Private schools which supposedly offer more qualitative education to students and better remuneration for teachers are hardly interested in adding history as a course in their curriculum. The reason for this exclusion may not be unconnected to the fact that most see it as a waste of intellectual venture since history can't get you a job. The same fate is suffered by geography (social studies).
     Reasons for this may not be far-fetched. Our educationists believe that (African) history has no place in this fast-paced society of ours driven by science and technology where reality is formed by the media. What good is it to a pupil or student to study a course which is out of place with his current social needs like a dismembered joint? As such, there is no need to equip and maintain museums or heritage sites. There is no demand for the return of artifacts displayed in European museums. Excursions are no longer taken to heritage sites.
    The death of Margaret Thatcher has thrown up the issue of ahistoricity. Upon her demise, several Africans typified this historical dearth through their condolence message, perhaps in a rush to feel politically relevant to their slave masters. The Nigerian president, Goodluck Jonathan in his statement said that "she would be always remembered by the World for her unique, distinctive and purposeful leadership which restored the pride and respect for her country...." Current South Africa president issued 'heartfelt condolences' to the Thatcher family. Some medis outlets are awash with her achievements hailing her as an iconic feminist figure and the true personification of an 'iron' lady.

    The foregone remarks were either borne out of sheer ignorance or an attempt to appease their white masters, but are certainly nothing short of an insult to Africa's history. For a leader who legitimized the apartheid regime and openly branded the ANC as a terrorist organisation comparing it to the IRA, it is despicable for Africans to show some heartfelt condolences to someone who reinforced class and racial segregation.
However, Thatcher is just a tiny speck in the compendium of historical abortion. We have forgotten our heroes, cultures, religions and ourselves. We have dug up our cultural roots and eaten the seed of unborn generations. We now employ foreign experts to teach us about our cultures, ways and ourselves. One of the effects of colonialism is that it paved the way for European anthropologists to study and give Europe a supremacist position of African cultures and social institutions. Little wonder African women cry of subjugation by menfolk because they don't know about the Amazons of Dahomey, Female-husbands of Ohafia, the Novendu rain-queens or the matriarchy of the Ashantis. Little wonder that 'Ekwensu' and 'Esu' in Igbo and Yoruba Mythologies (respectively) are victims of character assassination which made them evil gods. Why do we still wonder that little is unheard about ancient African writings such as the Nsibidi and Uli because history records us as having no written tradition or system of recording events. Yet, no wonder that some Igbos go about proselytizing that they are descended from the Jews. African history is sunset to the African eyes.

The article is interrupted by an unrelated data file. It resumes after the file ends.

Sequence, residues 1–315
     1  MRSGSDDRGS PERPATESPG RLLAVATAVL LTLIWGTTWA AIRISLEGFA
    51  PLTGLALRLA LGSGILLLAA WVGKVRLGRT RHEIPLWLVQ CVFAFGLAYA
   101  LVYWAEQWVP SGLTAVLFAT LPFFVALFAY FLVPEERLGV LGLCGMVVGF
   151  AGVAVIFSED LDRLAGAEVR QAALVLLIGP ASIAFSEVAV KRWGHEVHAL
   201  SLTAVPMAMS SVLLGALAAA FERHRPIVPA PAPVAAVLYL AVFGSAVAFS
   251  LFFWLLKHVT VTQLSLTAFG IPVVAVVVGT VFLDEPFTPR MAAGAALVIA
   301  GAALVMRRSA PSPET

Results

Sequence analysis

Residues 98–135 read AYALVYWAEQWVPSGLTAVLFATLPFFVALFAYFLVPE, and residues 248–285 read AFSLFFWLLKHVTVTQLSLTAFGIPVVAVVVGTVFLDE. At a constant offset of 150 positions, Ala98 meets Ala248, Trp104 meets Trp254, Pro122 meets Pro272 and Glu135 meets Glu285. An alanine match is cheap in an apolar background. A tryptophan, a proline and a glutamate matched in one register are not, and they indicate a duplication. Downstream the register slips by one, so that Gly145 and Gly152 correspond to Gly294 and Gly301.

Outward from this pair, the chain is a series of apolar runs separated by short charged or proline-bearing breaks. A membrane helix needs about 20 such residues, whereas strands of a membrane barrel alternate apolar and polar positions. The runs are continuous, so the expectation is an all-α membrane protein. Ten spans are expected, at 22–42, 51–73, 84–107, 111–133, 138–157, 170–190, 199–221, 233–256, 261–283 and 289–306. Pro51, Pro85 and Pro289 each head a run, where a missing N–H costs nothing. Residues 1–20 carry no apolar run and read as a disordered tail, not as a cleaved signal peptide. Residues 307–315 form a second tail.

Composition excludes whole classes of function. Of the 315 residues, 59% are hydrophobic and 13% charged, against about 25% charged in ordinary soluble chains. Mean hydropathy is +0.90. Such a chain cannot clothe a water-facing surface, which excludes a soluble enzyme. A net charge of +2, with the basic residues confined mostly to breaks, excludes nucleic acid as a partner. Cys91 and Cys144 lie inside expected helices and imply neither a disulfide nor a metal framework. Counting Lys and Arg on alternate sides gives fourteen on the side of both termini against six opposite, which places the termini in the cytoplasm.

Between the writer, headaches and prescriptions

      The writer's place as a component in the social structure may be procative, reactive or both. His musings while being reactions to happenstance in society, can also be foothills upon which society can catch a glimpse of the future. Life is a source of his inspirations, so the writer in us dies when society goes to the gallows. His desire to pursue a particular subject or issue is influenced by a bias rubbed off on his consciousness as a consequence of being a member of a particular society, culture, race, religion or whatever social compartment he finds himself. The pen is the mouthpiece of what his eyes has written down. Thus, it is not uncommon to find subjects such as science-fiction, serial killings, the beauty of summer et al from Europeans and North Amearicans, just as it is not uncommon to be bombarded by literature of wars, revolutions, ethnic politics, religious strifes from developing or under-developed countries. The latter explains why most African literature -especially the award winning ones- evolve round this derogatory theme.